Virgin secures £500m for RBS bid
Virgin Money has secured up to £500 million of extra financial firepower from new billionaire stakeholder Wilbur Ross as part of its bid to snap up hundreds of Royal Bank of Scotland (RBS) branches.
The new kid on the financial block, which this week tables its initial bid for the 300-plus RBS branch network, is one of a number of potential suitors which also include Spain's Santander, BBVA Group, National Australia Bank and private equity firms such as JC Flowers.
Teaming up with 72-year-old Ross - a US corporate turnaround specialist who has stumped up £100 million for a 21% equity stake in the business - will put Virgin Money on a sounder financial footing against its bid rivals.
Ross has pledged up to £500 million of additional cash to fund acquisitions, which could include the nationalised assets being sold off by Northern Rock and Lloyds Banking Group under EU competition rules if its initial play for RBS's branches fails.
"The UK banking system is clearly going to go through a big overhaul," Ross said. "We think that, given the management team and the reputation that Virgin Money has built up, they are ideally positioned to be one of the big winners."
The RBS branch network, which is being sold under the Williams & Glyn's brand, is expected to fetch anything up to £2 billon when it is offloaded.
The European Commission last year ruled the bank needs to sell of 318 of its branches to address competition concerns after it was bailed out by the UK government.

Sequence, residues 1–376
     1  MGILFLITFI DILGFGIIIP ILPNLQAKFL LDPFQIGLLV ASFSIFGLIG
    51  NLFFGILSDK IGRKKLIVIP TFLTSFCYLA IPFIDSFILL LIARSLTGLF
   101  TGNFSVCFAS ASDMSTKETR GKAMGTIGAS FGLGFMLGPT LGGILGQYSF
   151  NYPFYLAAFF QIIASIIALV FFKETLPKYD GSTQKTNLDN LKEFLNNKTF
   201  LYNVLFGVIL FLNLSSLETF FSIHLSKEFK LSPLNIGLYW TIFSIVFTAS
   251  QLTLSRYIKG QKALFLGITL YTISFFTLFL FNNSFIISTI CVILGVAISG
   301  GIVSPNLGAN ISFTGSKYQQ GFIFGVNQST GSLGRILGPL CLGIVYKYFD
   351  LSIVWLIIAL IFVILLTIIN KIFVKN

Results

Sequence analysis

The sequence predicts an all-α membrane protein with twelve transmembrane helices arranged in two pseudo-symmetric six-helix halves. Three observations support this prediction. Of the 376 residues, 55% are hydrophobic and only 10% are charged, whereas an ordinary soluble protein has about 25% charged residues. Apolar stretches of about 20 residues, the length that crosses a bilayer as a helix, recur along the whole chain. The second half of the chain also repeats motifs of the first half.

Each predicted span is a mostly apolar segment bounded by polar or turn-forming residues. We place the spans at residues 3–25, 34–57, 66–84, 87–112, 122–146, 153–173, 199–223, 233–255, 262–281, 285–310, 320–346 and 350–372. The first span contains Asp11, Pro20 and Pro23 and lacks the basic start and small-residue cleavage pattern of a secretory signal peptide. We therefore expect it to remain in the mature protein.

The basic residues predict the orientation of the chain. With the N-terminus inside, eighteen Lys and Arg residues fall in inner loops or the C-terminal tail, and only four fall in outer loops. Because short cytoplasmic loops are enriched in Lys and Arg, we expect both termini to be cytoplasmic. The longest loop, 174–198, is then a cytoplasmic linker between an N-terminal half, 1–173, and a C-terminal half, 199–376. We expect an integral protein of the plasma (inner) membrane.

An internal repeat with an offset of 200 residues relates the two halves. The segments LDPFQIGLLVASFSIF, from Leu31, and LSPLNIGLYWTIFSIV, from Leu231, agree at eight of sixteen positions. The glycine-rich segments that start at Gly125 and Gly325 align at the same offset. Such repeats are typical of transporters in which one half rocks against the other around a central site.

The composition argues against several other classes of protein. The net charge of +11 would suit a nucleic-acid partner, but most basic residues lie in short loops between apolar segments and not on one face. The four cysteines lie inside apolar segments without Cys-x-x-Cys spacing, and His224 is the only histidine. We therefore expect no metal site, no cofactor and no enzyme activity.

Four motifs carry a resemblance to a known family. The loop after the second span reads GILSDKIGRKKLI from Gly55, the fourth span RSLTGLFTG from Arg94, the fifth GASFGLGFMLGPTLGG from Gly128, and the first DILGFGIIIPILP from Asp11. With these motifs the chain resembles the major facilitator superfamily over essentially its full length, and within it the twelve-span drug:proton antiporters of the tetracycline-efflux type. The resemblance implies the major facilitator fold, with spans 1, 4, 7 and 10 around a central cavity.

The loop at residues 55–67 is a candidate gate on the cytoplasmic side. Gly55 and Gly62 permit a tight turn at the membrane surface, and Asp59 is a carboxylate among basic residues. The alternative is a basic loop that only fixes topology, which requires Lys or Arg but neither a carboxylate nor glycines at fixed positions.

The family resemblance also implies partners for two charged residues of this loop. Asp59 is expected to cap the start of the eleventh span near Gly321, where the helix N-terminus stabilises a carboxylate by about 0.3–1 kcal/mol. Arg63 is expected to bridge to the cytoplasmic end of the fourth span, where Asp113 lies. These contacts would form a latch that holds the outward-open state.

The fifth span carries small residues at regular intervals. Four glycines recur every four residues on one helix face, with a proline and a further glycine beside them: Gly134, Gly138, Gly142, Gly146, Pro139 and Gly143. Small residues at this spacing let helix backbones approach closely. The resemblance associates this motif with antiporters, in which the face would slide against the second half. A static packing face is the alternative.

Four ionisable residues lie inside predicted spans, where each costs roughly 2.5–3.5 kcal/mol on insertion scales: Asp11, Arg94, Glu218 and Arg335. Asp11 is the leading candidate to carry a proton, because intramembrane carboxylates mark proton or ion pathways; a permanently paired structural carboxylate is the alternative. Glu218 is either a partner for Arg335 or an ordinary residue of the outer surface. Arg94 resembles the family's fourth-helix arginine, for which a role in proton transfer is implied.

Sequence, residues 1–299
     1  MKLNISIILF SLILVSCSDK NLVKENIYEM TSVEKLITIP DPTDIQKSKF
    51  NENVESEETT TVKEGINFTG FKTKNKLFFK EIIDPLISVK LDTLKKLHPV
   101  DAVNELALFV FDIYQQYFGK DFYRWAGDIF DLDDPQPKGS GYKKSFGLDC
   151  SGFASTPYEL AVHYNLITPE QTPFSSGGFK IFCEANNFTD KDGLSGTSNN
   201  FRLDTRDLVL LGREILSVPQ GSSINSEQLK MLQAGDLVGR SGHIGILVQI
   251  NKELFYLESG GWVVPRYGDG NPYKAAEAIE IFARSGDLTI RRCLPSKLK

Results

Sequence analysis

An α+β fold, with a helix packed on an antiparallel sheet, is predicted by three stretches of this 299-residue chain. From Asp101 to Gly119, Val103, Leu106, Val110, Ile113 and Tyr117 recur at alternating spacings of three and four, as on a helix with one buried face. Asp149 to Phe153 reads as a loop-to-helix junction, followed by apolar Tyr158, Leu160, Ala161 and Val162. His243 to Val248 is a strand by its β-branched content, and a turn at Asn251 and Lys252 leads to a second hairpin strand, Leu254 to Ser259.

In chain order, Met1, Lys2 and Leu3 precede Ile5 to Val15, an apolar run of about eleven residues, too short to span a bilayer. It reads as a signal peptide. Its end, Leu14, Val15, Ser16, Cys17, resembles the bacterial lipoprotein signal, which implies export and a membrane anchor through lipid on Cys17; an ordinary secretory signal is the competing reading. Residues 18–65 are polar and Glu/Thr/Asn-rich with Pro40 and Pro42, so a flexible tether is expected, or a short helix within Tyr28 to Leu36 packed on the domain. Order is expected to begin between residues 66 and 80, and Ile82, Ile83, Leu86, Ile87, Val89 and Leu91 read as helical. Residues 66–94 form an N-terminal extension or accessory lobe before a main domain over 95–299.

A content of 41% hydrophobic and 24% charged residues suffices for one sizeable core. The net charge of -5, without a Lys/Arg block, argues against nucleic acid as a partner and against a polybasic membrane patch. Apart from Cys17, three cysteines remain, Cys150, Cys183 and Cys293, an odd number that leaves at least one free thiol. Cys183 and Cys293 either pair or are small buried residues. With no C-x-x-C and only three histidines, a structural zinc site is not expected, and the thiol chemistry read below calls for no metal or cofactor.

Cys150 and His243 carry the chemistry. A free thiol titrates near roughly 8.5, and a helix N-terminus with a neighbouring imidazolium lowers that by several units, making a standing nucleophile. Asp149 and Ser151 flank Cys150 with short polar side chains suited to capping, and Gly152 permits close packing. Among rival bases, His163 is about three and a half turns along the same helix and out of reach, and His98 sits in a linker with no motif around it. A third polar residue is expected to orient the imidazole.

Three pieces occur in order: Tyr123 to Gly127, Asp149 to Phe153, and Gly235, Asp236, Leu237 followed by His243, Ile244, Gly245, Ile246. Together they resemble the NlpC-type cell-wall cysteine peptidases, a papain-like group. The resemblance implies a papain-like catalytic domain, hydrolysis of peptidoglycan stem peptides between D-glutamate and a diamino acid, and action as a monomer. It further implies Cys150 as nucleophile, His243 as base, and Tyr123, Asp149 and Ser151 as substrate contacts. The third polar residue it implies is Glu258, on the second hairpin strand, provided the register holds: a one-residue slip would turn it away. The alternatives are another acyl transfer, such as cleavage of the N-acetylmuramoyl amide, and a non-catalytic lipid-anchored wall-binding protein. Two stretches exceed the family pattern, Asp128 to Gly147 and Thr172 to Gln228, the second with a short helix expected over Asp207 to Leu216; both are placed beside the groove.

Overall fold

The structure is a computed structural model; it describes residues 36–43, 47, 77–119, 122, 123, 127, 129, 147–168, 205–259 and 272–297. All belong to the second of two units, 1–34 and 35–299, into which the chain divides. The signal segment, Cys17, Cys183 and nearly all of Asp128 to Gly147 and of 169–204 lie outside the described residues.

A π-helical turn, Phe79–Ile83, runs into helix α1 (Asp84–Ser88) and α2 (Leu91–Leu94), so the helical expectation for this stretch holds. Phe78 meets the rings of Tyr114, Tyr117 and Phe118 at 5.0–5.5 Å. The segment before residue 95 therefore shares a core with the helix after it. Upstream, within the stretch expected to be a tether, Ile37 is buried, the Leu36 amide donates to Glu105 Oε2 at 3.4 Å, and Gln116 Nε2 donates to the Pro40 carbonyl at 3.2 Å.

Today (6 April) is the first deadline for bidders to outline the structure of their offers, with a second round expected in around six weeks' time.
Larger bidders such as Santander will have more financial clout behind their offers, though Virgin Money could well be looked upon favourably because of its status as a new player opening up the retail banking market to more competition.
New non-executive director unveiled
James Lockhart is the man tasked with doing billionaire Wilbur Ross's bidding on the Virgin Money board, where he is to become a non-executive director.
Lockhart is currently vice chairman of investment firm WL Ross & Co and has spent the bulk of his career in finance, though he has been under the spotlight in recent years for quite different reasons.
He began his career over 40 years ago in the Navy, where he became an officer on the deck of a nuclear ballistic submarine, and has since worked in various roles in investment banking, insurance and risk management.
Lockhart, who went to school and university with ex-US president George W. Bush, then spent three years as director of the Federal Housing Finance Agency (FHFA) - the US agency that seized Fannie Mae and Freddie Mac in the depths of the crisis - before leaving to join WL Ross last year.
Though he was instrumental in pushing through the state rescue of both institutions, Lockhart has since admitted that the FHFA could have done more in retrospect to stem the tide of sub-prime lending that would prove to be their undoing.
He was called to testify on the rescue of Fannie and Freddie before the Senate committee on banking, housing and urban affairs in September 2008.
All sub-prime financial products are aimed at borrowers with patchy credit histories and the term typically refers to mortgage candidates, though any form of credit offered to people who have had problems with debt repayment is classed as sub-prime. Depending on the lender’s own criteria, sub-prime can apply to borrowers who have missed a few credit card or loan repayments to people who have major debt problems and county court judgments (CCJ) against their name. To reflect the extra risk in lending to people who have struggled in the past, rates on sub-prime deals are typically higher than for “prime” borrowers.